At Wingz, we’re all for improving body confidence. We want women everywhere to be proud of who they are, whether they are tall, short, fat, thin, old, young, have lipoedema, scars, tattoos they love/hate…you get the picture.
We posted a blog last year gently poking fun at a certain slimming club, and although it went down well at the time, later on we received some criticism for being disrespectful to people who wanted to lose weight. The point wasn’t to ridicule the members, but to point out that every slimming club was the same with the draconian and often strange eating rules (avocado =NO but 10 Muller Lights in a day = OK).
Anyway, we didn’t mention the world of diets and slimming clubs for a while in case we were accused of picking on the massively profitable multinational companies. But this week some news has come to light that just makes us think – get outta here.
Weight Watchers are targeting teenagers
It was announced this week that WeightWatchers are pushing their diet on impressionable teens. Remember being a teenager? Can you remember how self-conscious you were back then? How any slightly negative comment could wound you? It’s probably ten times worse in the 21st century than it was when I grew up; we didn’t have celebs on Instagram sucking in their stomachs to promote diet companies, or having bum implants to look like a Kardashian. Hell, we all know that even the Kardashians don’t really look like that. It’s fake fake fake, and with teens addicted to Instagram and wanting to look like their idols, no wonder their body confidence is low, while diets and weight loss are even more pervasive.
But…there’s still zero evidence that diets work in the long term. And in fact, while not every person who diets in their teenage years will go on to develop an eating disorder, most people with eating disorders have dieted at some point in their lives. 35% of “occasional dieters” progress into pathological dieting, (disordered eating) and as many as 25% will go on to full-blown eating disorders.*
It’s not just opinionated bloggers who think WeightWatchers are wrong to target image-conscious teens with their weight loss programmes. Twitter erupted into a #WakeUpWeightWatchers storm, with criticism from all over, and The British Dietetic Association (BDA) waded in, telling The Telegraph that encouraging teenagers to start dieting was sending them “entirely the wrong message” and could even send them along the path of yo-yo dieting, something that they really should be avoiding.
Priya Tew, spokesperson for The BDA said;
“Suggesting a teenager needs a diet is a negative message, suggesting that they are not good enough just as they are, at a point of life where things are already turbulent.”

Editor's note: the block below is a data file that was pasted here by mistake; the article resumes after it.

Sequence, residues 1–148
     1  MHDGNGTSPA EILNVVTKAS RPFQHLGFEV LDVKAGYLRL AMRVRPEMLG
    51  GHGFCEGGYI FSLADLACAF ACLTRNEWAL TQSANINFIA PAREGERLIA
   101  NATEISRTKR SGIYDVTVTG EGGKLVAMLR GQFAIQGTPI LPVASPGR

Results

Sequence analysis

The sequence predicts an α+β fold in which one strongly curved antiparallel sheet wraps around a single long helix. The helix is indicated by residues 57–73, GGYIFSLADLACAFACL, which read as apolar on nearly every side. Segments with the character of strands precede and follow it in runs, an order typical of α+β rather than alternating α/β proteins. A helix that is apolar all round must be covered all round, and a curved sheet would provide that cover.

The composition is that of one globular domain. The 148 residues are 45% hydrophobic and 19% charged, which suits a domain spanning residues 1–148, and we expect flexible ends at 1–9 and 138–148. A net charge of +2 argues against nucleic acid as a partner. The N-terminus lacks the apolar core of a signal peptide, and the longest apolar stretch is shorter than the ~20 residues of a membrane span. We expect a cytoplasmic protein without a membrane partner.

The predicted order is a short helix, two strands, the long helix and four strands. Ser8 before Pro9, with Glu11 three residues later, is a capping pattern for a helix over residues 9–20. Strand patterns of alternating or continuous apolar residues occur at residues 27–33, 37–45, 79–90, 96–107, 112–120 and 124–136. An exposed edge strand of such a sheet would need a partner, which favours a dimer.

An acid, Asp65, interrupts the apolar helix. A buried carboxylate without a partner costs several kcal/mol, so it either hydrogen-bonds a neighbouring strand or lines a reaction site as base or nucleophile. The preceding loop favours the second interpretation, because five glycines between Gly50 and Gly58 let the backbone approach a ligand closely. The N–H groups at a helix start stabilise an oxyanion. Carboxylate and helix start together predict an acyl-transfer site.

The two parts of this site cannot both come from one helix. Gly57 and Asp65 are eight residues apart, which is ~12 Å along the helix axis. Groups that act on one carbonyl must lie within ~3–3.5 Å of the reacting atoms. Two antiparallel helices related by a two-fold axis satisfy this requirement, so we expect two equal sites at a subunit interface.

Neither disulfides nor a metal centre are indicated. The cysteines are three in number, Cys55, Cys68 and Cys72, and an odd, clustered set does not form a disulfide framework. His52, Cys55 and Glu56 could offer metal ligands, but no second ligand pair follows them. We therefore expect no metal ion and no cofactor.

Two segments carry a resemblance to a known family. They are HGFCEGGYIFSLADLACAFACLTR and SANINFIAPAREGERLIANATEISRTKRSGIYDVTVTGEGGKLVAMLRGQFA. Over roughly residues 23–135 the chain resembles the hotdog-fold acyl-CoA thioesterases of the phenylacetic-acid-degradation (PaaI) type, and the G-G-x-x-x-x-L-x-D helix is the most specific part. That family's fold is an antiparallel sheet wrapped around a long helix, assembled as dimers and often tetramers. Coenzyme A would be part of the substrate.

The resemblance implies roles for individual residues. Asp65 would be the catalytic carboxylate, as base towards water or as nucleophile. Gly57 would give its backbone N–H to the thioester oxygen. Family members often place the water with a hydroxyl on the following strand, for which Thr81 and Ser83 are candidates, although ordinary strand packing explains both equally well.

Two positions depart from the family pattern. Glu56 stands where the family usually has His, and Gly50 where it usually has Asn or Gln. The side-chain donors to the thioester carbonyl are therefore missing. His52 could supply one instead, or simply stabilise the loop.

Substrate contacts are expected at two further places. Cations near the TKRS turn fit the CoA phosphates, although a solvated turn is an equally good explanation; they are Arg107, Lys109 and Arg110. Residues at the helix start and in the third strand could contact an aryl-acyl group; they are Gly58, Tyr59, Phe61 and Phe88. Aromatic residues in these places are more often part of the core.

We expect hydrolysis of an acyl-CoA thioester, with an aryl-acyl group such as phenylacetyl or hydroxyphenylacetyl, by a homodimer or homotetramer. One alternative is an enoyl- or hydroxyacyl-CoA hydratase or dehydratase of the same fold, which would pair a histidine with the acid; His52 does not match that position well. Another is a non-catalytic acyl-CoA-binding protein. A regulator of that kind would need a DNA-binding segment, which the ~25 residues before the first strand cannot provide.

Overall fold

Priya added, “It can increase the risk of disordered eating and even eating disorders.”
Of course, Weight Watchers defended their decision, saying that they were only trying to help. How very altruistic, when it’s been shown that once you get sucked into the world of yo-yo diets, it can be a lifetime’s work to escape the constant merry go round of weight loss and weight gain. If you’re thinking that maybe they just want to safeguard the health of developing teens, as, after all, the diet will be offered FREE to teenagers, just read the Weight Watchers official press release from February 2018.
“By the end of 2020, Weight Watchers aims to:
- Expand the Weight Watchers business: Increase revenue to more than $2 billion, driven primarily by new member growth and improved retention, while increasing profit.”
Then in the next paragraph:
“Weight Watchers plans to implement a number of initiatives to ensure its brand aligns with its values and purpose. These bold moves include the following.
- During the summer of 2018, Weight Watchers will offer free memberships to teenagers aged 13 to 17, helping the development of healthy habits at a critical life stage.“
Recruitment of teenagers and retention for as long as possible? That should help them increase their revenue to more than $2 billion, that’s for sure!
On the POSITIVE side, a UK organisation that specialises in intuitive eating, getting people off the diet roundabout and making peace with food and their bodies is also offering FREE membership to UK teens. The Beyond Chocolate ‘FREE a Teen’ initiative is sponsoring teenagers who are concerned with weight, body image and thinking about joining a slimming group the option to receive a FREE copy of the Beyond Chocolate book, and free access to the Beyond Chocolate website materials, designed to help them think about reasons they are overeating and steer them towards a healthy relationship with food instead of a dysfunctional love/hate relationship.
Just email email@example.com with TEENS in the title and they will be in touch.
- Would you send your teen to a slimming class?
- Did you start dieting in your teens and regret it?
- Do you think it’s a great idea getting kids onto diets?
We’d love to hear your views.
*Source: Pathological dieting, precursor to eating disorder, Philadelphia Eating Disorder Examiner
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